When Manny Ramirez was approaching his 500th career home run in 2008, he deflected attention on the milestone by saying he was shooting for 600.

Fellow Dominican Albert Pujols is taking a similar tack as he closes in on becoming the ninth player ever to hit 600 homers. The figure eluded Ramirez by 45, but Pujols is only one short and has loftier achievements in mind.

“You set goals every year, the first one being winning the World Series and having a good season,’’ Pujols told USA TODAY Sports in a Spanish-language conversation. “So it’s at the end of your career that you can analyze what you have accomplished. I have four years left on my contract. If I stay healthy, I have a good chance to reach 700. Who knows?’’

It was only three years ago that Pujols was mounting his charge on 500, and moving so quickly to the next round number serves as a testament to his continued ability to produce the long ball. His average of 33 home runs over the last three seasons – 10th best in the majors – is just four below his career norm of 37.

So joining the 700 club – populated only by Barry Bonds (762), Hank Aaron (755) and Babe Ruth (714) – seems realistic, but there’s another step he must reach before that, and getting there would give Pujols great satisfaction.

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Sammy Sosa, another native of the Dominican Republic, is next ahead of Pujols on the home run list with 609, and he has the record for most homers hit by a player born in Latin America. Pujols will soon be angling for that mark.

“For me, it’s a source of pride and a blessing not just to represent the Angels but to know 11 million people in the Dominican Republic are always supporting my career and all the other Dominicans in the big leagues,’’ Pujols said. “To me, that’s a blessing.’’

Pujols, 37, is clearly not the same hitter who haunted National League pitchers over 11 seasons with the St. Louis Cardinals, which yielded three MVP awards, seven trips to the playoffs and two World Series championships.

What he still does almost as well as anybody is send runners home. Even while still searching for his stroke this season, Pujols has driven in 38 runs, tied for third-best in the American League. His 330 RBI over the last three seasons rank fifth among all major leaguers.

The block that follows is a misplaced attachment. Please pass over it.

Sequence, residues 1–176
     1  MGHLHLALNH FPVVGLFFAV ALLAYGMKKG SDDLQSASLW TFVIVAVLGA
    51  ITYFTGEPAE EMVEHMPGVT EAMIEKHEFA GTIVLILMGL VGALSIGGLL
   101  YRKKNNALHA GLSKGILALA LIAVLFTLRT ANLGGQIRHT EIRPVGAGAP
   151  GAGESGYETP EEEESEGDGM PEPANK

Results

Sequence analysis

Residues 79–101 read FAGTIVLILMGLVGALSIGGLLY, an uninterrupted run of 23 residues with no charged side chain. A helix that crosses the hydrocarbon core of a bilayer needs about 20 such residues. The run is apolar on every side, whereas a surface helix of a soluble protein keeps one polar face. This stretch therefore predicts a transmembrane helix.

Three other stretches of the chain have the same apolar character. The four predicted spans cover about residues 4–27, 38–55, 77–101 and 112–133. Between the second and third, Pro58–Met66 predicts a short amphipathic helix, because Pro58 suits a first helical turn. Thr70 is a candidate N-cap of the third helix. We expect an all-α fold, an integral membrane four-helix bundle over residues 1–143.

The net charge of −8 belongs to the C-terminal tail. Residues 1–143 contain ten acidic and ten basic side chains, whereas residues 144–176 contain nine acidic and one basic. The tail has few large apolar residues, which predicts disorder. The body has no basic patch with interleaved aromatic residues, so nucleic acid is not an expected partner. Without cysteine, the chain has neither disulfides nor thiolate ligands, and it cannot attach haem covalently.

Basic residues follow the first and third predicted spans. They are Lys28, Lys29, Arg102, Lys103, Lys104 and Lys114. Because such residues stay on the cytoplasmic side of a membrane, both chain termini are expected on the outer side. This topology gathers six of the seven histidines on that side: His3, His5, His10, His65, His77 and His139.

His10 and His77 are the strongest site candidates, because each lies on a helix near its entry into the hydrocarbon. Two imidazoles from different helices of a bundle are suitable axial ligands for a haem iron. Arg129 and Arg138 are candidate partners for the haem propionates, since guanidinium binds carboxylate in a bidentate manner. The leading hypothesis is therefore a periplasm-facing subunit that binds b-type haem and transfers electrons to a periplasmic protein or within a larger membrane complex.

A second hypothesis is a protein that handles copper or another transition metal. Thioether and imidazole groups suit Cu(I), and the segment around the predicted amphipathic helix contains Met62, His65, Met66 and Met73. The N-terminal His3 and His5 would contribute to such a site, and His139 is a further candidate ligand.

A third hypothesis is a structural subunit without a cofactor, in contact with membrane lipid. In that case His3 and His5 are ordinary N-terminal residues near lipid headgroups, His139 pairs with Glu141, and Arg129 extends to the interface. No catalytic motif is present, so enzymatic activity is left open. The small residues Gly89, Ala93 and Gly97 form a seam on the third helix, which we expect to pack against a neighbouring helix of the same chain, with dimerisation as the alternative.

That’s part of the reason manager Mike Scioscia likes to slot Pujols behind on-base machine Mike Trout in the lineup, figuring something good is bound to happen when you put a run producer and a run scorer together.

Scioscia’s aware RBI have been devalued by some metrics-driven observers, who point out the statistic is dependent on the team and opportunities batters get, but he has a response to that argument.

“Somebody’s got to knock them in. If you don’t knock them in, we don’t score runs,’’ Scioscia said. “When you knock in a run, that still carries an enormous amount of weight to what your offense is about. And there are guys who historically (drive in runs). You look at Tony Perez, you look at Edgar Martinez, guys you want up there in those situations. Albert’s one of those guys. I can tell you we value RBIs, and runs scored.’’

With the passage of time, Pujols has become more of a pull hitter, especially when the bases are empty and he may be hunting for a home run. As a result, he’s vulnerable to shifts and getting robbed of hits on well-struck balls. According to Fangraphs.com, his percentage of hard-hit balls last season (36.5%) was a bit above his career standard of 35.9%, yet he batted .268, or 40 points below his lifetime mark.

This year that figure has dipped to .238, which he attributes in part to having his offseason workout curtailed after December foot surgery and getting a late start on spring training. Perhaps as a result, Pujols has seen a rare spike in his strikeout rate, from just under 10% in his previous 16 seasons to 18.8%.

Pujols has struck out more than 80 times just once in his career, 93 times his rookie season. Of the 27 batters with 500 career home runs, only Ted Williams, Mel Ott and Aaron struck out at a lower rate than Pujols.

No wonder he looks at his current clip as an early-season anomaly.

“Maybe I’ve swung at some pitches out of the strike zone,’’ he said. “I’ve had that bad streak lately. I’ve never struck out so much, but we’ll see at the end of the season where we are. My bat speed is there and I feel great at the plate. I might have expanded the strike zone on a couple of pitches, but other than that I feel really good.’’

And ready to shoot for 600 and beyond.

Ortiz reported from Oakland